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    Prayer vs. good deeds – Ask the Rabbi

    Q. Aren’t good deeds more important than praying?

    A. Both are needed. Praying keeps us in touch with God and reminds us that we are expected to be His partners in perfecting the world. His principle is olam chessed yibbaneh, “The world is built through kindness” (Psalms 89:3). His kindness enables all of us to live; our kindness expressed in our good deeds enables us to use our lives to enrich others.

    But if God is good and kind to all His creatures (Psalm 145:9), how come that some creatures happen to be poor and disadvantaged? Why don’t we say, “God, it is You who made these people’s lives bitter – why don’t You solve their problems?”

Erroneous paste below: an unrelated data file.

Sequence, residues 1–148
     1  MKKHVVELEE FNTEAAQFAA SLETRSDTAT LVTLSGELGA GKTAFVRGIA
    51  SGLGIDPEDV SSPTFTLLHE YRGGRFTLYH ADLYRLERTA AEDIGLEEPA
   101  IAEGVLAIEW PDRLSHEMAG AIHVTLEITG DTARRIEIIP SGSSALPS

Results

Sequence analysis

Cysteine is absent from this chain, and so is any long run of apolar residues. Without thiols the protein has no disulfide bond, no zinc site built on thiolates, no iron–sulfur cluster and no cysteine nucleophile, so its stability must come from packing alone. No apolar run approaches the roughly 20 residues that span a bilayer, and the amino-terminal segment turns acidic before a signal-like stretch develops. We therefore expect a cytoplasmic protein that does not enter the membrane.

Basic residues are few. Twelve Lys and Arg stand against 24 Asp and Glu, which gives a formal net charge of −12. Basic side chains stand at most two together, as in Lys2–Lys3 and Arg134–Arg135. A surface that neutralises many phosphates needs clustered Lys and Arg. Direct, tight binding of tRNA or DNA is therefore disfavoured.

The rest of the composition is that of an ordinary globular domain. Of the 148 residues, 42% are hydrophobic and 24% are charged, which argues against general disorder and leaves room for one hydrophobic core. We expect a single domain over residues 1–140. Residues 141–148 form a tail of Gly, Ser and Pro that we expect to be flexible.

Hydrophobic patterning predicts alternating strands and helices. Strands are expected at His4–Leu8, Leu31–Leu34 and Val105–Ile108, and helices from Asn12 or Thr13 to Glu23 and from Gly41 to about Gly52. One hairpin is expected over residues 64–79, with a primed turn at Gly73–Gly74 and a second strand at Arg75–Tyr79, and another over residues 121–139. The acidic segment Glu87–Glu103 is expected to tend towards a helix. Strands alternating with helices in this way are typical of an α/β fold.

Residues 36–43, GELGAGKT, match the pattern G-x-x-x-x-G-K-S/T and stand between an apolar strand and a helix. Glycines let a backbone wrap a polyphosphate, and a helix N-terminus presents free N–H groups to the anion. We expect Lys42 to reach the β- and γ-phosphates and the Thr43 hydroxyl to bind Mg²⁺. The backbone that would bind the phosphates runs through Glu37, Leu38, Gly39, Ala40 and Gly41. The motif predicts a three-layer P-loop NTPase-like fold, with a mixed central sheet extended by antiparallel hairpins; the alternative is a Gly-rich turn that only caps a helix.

It could be that His answer is, “I have appointed all My children as my messengers to work with Me and help the others to become rehabilitated!” The sages say, “Just as God clothes the naked (Gen. 3:21), so should you clothe the naked. Just as God visits the sick (Gen. 18:1), so should you visit the sick. Just as God comforts the bereaved (Gen. 25:11), so should you comfort the bereaved (Sotah 14a).”

    God does not necessarily work a private miracle for everyone who is in crisis, but He uses each of us as His representative to do the mitzvah. Like an agent whose act is legally the act of his/her principal, so our kindness is God’s. Through doing kindly deeds, we become truly human – and our humanity becomes truly Divine.

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